Who Invented The CruciFish?
Local Islander Glenn Sollitt began deckhanding for his father in 1972, and by the time he was in grade 11, he was a commercial gillnetter. Over his tenure, he leased boats, then finally built one to fish his way through University to become a Mechanical Engineer. He left commercial fishing in the 90’s and has been recreationally fishing ever since. For the last few years, he’s been professionally guiding on the West Coast of Vancouver Island.
When asked why he invented this product, Glenn replied, “The best fights come when there is nothing but a hook on our line. Flashers work, but I felt there needed to be a new way to troll. My idea was to fasten a release clip at the back of a KoneZone so that I could clip my hook and line without having to use an in-line flasher. In January 2020, I jumbled around ideas, and started making prototypes in February. I caught my first salmon using the CruciFish (my son loves puns and named the device) in mid-February in front of French Creek on Vancouver Island. It was at 205′ deep and the rod barely jumped. I grabbed the rod and quickly reeled in the slack. As soon as I felt the absolute slightest tug, I told my wife we had one on, since there couldn’t be any drag without a flasher on the line. Of course I’ve caught bigger fish, but I’ve never been so excited as when I caught that one. It worked—that was the real moment of clarity.”
What Is The CruciFish?
This product is unique and definitely will improve your experience in trolling for fish. Basically, you will fight a fish without any flasher drag in the water while trolling. The key point is, you will have way more flash and vibration than your normal rectangular flasher setup because of two flashers. You have way more control of the fish at the end of the line without the flasher drag. This system will give anyone on your boat the ability to handle a fish on the rod like a pro. Mostly, I tested the CruciFish in the ocean targeting Chinooks, coho and bottom fish, with beginners to long time anglers, but I am sure this will also work in the lakes.
First Impression—Design Quality
It’s a well-built product, made with stainless steel. Good quality bearings are attached to it with neat Pro-Troll rotating flashers equipped with E-chips, which help attract fish by producing a voltage similar to live bait being nervous. It is heavy compared to other somewhat similar products, such as dummy flasher systems. However, this is an inline flasher system made right here on Vancouver Island (except for the Pro-Troll E-chip flashers). Just looking at it for the first time, I could see endless possibilities for applying it to sport troll fishing.
Field Testing: How To Use The CruciFish
How to attach the CruciFish to your downrigger
During the testing of this product, we found several ways to use it. First of all, we made sure the braid or steel downrigger lines were in good shape (so they couldn’t just snap and lose all the gear). In fast current, the best way to use CruciFish is to connect it to the downrigger ball fin or to the downrigger ball clip, instead of to the cable. A fast current might spin the CruciFish around the cable and get some things tangled. If you like bouncing your cannonball on the bottom when you fish, it is best to connect the CruciFish to the clip with which you attach your snubber from the downrigger cable.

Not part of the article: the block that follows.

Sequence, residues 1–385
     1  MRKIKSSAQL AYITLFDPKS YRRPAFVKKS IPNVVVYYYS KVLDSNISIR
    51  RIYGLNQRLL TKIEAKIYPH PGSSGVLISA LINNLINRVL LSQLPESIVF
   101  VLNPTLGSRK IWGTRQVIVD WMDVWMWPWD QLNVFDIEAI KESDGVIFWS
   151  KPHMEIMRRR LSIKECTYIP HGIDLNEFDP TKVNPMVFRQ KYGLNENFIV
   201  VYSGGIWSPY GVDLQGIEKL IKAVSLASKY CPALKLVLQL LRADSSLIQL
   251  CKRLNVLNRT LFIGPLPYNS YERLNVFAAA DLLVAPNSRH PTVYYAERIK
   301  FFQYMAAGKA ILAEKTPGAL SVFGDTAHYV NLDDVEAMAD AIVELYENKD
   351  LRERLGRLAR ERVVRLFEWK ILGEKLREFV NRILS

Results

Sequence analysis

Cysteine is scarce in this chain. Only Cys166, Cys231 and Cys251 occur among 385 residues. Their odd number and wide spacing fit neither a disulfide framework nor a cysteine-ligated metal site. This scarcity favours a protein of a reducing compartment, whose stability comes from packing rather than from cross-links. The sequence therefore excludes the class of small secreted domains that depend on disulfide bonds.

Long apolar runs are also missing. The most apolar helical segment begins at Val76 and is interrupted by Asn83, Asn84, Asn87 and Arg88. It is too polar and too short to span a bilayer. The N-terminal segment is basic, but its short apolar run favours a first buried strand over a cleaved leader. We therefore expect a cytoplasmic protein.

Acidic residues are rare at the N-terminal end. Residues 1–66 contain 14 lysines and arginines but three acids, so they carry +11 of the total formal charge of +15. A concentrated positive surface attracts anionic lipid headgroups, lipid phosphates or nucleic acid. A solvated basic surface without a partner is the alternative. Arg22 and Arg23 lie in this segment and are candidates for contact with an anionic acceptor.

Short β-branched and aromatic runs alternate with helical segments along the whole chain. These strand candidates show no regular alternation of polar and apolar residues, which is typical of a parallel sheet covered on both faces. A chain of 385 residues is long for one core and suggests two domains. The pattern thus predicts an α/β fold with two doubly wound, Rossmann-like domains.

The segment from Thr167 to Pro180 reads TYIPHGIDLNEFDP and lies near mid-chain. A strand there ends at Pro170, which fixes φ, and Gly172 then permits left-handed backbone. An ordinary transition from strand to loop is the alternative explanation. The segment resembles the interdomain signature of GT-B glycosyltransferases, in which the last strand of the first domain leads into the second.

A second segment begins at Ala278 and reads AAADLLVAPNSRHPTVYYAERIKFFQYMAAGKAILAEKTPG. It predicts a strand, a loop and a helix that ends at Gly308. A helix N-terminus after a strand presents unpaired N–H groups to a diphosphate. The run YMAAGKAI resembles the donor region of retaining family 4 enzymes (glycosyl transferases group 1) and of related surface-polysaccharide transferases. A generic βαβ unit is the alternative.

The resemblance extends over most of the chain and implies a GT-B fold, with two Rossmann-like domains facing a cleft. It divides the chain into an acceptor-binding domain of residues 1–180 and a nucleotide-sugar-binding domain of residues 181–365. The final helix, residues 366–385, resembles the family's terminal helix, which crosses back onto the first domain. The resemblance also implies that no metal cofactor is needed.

How to fish with the CruciFish
You can troll at any speed you like with this system. You can use it with plugs, Rapala, spoons, flatfish, spinners, and bait. Also, you can still use it with your normal rectangular flasher setup at the end of the release clip. For fishing with plugs, you should have between 5 and 25 feet of line behind the release clip for the best result. This allows the plug to dive down a little and have free range of action while trolling. For a spoon, you want 5 to 10 feet of line, depending how heavy and big it is. You can troll fast or slow and still have good success. Bait should be 5 to 15 feet behind the release clip. This setup enables you to power mooch with your downrigger and get hammered by fish.
Where can you use the CruciFish?
You can use this in any body of water where you can use your downrigger to troll for fish, so lakes, ocean, and bigger rivers.
What type of fish can you target?
Chinook salmon, coho salmon, pink salmon, sockeye (this will work the best because of the slow troll and the amount of flash you can have), chum salmon, rainbow trout, lake trout, bull trout, kokanee (just like sockeye fishing).
Opinion: Good or Bad?
This is a great, Vancouver-Island-made product that enhances your fishing experience. It can improve landing your fish into the boat because it eliminates flasher drag and sudden loss of flasher tension. You can troll at any speed, with different kinds of lures and bait. No matter the wave action or swell pattern, there’s no flasher to tangle with the clip line or downrigger line. There’s no flasher to tangle with your fishing line when trolling or dropping it down. This CruciFish is definitely a game changer for downrigger mooching with bait, and a great way to avoid fighting with the flasher drag. It does reduce the downrigger line angle a little bit, compared to the normal flasher setup, because of the reduced drag in the water. Give it a try!
Where can you get a CruciFish?
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